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Allegorized Subaltern: Subjectivity and Death in the Works of Bahman Ghobadi


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1 Shiraz University, Iran, Islamic Republic of
 

The aim of the present study is to explore the reflection of the subaltern in the works of Kurdish filmmaker, Bahman Ghobadi. In order to do so, three periods in the development of the works of Ghobadi is analyzed. These periods include the time prior to the invasion of Iraq by United States and its allies when A Time for Drunken Horses (2000) and The Songs of my Homeland (2002) appear. The second phase is at the time of the invasion of Iraq including Turtles can Fly (2004), and the third period is after the invasion with Rhino Season (2012). These works deal with the neglected minority within Kurdish ethnicity and look through the ways in which there might be a possibility for this group to attain a sense of identity. Facing internal and external oppression, minority-within-minority section of the Kurdish society finds no way for resistance other than death where the power structures that are in a tacit concurrence in its subjugation are challenged and as a result, a space is created where the subaltern can speak.

Keywords

Subaltern, Bahman Ghobadi, Minority, Identity, Death, Resistance.
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  • Allegorized Subaltern: Subjectivity and Death in the Works of Bahman Ghobadi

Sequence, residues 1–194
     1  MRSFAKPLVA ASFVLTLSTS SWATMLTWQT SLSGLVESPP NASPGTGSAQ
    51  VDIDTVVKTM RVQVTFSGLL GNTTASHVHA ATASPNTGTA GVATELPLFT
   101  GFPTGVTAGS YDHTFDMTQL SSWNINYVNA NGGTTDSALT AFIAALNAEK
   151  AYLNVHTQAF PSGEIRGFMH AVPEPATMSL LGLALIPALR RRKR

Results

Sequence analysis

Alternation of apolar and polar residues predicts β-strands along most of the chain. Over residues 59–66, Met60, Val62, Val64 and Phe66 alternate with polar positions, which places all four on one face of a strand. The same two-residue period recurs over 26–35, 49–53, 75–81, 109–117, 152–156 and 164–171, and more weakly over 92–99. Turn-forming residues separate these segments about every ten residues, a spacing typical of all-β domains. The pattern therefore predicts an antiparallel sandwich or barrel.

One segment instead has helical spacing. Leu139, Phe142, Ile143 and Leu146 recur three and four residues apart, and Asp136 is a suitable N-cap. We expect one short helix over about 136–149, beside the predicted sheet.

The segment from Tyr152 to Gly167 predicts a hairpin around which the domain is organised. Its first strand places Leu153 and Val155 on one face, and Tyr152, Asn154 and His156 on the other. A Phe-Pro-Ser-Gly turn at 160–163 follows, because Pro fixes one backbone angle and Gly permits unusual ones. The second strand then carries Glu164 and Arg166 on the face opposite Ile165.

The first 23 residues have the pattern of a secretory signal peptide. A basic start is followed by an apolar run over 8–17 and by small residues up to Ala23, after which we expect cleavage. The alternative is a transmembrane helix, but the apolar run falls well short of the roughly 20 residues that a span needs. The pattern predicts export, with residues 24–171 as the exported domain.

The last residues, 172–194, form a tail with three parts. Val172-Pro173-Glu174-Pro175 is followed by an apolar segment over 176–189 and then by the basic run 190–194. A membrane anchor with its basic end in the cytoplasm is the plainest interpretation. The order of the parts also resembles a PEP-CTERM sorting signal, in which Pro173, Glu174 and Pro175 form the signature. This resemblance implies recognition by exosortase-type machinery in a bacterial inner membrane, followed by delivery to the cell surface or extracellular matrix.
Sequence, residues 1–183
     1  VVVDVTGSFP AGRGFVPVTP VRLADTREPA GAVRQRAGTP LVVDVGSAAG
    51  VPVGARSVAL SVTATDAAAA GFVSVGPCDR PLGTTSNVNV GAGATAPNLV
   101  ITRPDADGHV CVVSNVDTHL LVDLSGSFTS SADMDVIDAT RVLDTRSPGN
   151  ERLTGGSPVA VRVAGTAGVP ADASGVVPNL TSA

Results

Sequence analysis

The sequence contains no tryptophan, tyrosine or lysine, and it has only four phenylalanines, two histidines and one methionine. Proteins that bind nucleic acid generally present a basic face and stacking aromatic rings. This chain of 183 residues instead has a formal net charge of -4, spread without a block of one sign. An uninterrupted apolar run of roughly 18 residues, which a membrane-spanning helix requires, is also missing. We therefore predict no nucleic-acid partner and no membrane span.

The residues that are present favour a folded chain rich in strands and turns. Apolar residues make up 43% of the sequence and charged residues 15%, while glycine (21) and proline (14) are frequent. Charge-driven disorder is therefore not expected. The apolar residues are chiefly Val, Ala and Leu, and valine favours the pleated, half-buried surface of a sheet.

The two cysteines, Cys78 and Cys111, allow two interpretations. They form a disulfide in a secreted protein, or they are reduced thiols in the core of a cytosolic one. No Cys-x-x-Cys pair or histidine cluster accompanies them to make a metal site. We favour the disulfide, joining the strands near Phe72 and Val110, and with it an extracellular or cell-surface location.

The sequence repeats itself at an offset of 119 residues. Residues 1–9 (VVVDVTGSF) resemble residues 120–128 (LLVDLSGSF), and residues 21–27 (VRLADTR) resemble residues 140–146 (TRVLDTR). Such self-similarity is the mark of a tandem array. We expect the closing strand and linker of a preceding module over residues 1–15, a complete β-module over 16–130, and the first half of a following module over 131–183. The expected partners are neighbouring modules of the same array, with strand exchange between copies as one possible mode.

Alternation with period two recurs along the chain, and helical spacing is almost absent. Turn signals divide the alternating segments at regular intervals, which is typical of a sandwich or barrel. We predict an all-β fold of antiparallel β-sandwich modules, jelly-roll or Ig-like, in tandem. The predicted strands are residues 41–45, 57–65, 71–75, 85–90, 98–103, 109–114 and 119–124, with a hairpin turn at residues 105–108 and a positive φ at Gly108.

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Authors

Bahee Hadaegh
Shiraz University, Iran, Islamic Republic of
Mohamad Zandi
Shiraz University, Iran, Islamic Republic of

Abstract


The aim of the present study is to explore the reflection of the subaltern in the works of Kurdish filmmaker, Bahman Ghobadi. In order to do so, three periods in the development of the works of Ghobadi is analyzed. These periods include the time prior to the invasion of Iraq by United States and its allies when A Time for Drunken Horses (2000) and The Songs of my Homeland (2002) appear. The second phase is at the time of the invasion of Iraq including Turtles can Fly (2004), and the third period is after the invasion with Rhino Season (2012). These works deal with the neglected minority within Kurdish ethnicity and look through the ways in which there might be a possibility for this group to attain a sense of identity. Facing internal and external oppression, minority-within-minority section of the Kurdish society finds no way for resistance other than death where the power structures that are in a tacit concurrence in its subjugation are challenged and as a result, a space is created where the subaltern can speak.

Keywords


Subaltern, Bahman Ghobadi, Minority, Identity, Death, Resistance.

References